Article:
Despite the large number of developed organic materials, there are a few materials that have been usefully applied in promising optoelectronic devices, i.e., PEDOT:PSS is a very attractive conductive polymer semiconductor for electronic and photovoltaic applications (not only for organic electronics) due to its optical transparency, high conductivity, and processing techniques. The use of PEDOT:PSS in hybrid organic-inorganic solar cells and devices has attracted the attention in recent years specially as a candidate for substitution of p-type a-SiC:H:B layer in silicon-based photovoltaic devices [28–30]. The Si/PEDOT interface has shown interesting properties such as effective formation of blocking barrier for electrons, acting similar to an “ideal” barrier . Other advantage of PEDOT:PSS versus traditional inorganic p-type a-Si:H is the flexibility of processing; Figure 4 shows the DC conductivity,
2.3. Transparent contact issues
For several years, TCOs were a unique option used as transparent contacts in optoelectronic applications due to their transparency in visible range (0.4 <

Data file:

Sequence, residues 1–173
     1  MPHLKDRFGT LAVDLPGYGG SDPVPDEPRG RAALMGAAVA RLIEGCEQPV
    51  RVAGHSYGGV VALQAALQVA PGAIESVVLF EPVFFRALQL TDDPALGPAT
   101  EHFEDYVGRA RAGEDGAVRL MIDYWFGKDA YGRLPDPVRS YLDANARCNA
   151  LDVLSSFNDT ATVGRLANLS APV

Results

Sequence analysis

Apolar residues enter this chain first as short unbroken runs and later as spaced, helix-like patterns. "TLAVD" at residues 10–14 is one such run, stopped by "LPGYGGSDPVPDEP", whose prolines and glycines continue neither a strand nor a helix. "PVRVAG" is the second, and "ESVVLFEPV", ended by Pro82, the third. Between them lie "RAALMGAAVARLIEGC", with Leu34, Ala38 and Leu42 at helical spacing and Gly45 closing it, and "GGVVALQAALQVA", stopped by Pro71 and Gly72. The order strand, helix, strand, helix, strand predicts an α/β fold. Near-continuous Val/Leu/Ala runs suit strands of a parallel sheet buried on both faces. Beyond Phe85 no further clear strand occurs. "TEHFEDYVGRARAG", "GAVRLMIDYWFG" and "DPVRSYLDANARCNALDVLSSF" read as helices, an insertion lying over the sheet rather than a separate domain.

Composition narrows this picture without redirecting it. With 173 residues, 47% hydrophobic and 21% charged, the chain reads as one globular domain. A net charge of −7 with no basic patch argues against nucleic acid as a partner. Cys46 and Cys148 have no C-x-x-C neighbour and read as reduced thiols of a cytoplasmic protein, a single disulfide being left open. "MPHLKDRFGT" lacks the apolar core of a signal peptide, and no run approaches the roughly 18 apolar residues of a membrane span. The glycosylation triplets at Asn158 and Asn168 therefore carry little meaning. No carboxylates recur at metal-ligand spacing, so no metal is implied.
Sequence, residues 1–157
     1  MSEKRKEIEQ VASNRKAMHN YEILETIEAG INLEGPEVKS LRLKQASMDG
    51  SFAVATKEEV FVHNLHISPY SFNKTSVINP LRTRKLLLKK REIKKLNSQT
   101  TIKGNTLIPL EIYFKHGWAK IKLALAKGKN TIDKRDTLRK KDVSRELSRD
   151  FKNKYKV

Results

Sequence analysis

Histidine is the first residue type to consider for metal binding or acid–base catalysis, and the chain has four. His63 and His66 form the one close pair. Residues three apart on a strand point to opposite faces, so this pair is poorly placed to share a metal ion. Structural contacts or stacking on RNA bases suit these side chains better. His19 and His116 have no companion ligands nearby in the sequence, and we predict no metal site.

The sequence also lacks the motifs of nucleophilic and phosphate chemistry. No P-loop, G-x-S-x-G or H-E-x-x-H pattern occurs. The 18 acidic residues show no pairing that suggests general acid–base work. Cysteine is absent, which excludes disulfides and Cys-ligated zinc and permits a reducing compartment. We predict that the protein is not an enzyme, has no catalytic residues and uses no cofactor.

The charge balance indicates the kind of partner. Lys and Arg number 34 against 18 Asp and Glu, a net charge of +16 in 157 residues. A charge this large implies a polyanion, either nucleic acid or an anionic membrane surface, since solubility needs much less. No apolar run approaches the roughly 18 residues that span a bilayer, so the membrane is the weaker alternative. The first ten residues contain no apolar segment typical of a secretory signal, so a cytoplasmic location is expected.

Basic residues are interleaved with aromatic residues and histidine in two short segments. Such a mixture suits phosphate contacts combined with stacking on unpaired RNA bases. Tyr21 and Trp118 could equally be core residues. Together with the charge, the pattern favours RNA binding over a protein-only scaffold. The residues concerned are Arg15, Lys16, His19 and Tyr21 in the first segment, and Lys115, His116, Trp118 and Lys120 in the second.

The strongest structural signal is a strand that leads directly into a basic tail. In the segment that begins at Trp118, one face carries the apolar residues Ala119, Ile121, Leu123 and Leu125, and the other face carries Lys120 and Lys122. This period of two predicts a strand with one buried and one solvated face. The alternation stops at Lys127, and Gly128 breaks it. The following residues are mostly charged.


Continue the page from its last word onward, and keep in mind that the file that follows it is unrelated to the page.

Recently with the introduction of organic materials and new technologies, new options have been studied for substitution of traditional TCOs to overcome some disadvantages as low transmission in blue region, high cost, complex high vacuum process, mechanical characteristics, and scarcity. To achieve this, here are some proposals: thin film grids , high carbon-based materials , and organic polymers [38–40]. PEDOT:PSS has been one of the most investigated organic materials as alternative to TCOs, the polymer has shown higher transparency and conductivity than traditional ITO contacts. Additionally, PEDOT:PSS can be deposited by dispersion in water which is compatible with large area, flexible, and low-cost substrates . The electrical conductivity of PEDOT:PSS can be increased by orders of magnitude using secondary “dopants” as solvents, polyols, surfactants, among others . By solvent dilution and post-treatment method the conductivity of PEDOT:PSS films has reached values of 1418 Ω−1 cm−1, low sheet resistance below 65 Ω/□, and transmission in visible range >80%, which have been reported in . In Ref. , silver nanostructures were used to enhance conductivity of PEDOT:PSS contacts using a codeposition of spray and inject printing techniques, and the lower sheet resistance achieved by this method was 26.2 Ω−1 cm−1 with an average transmission of 80.7%.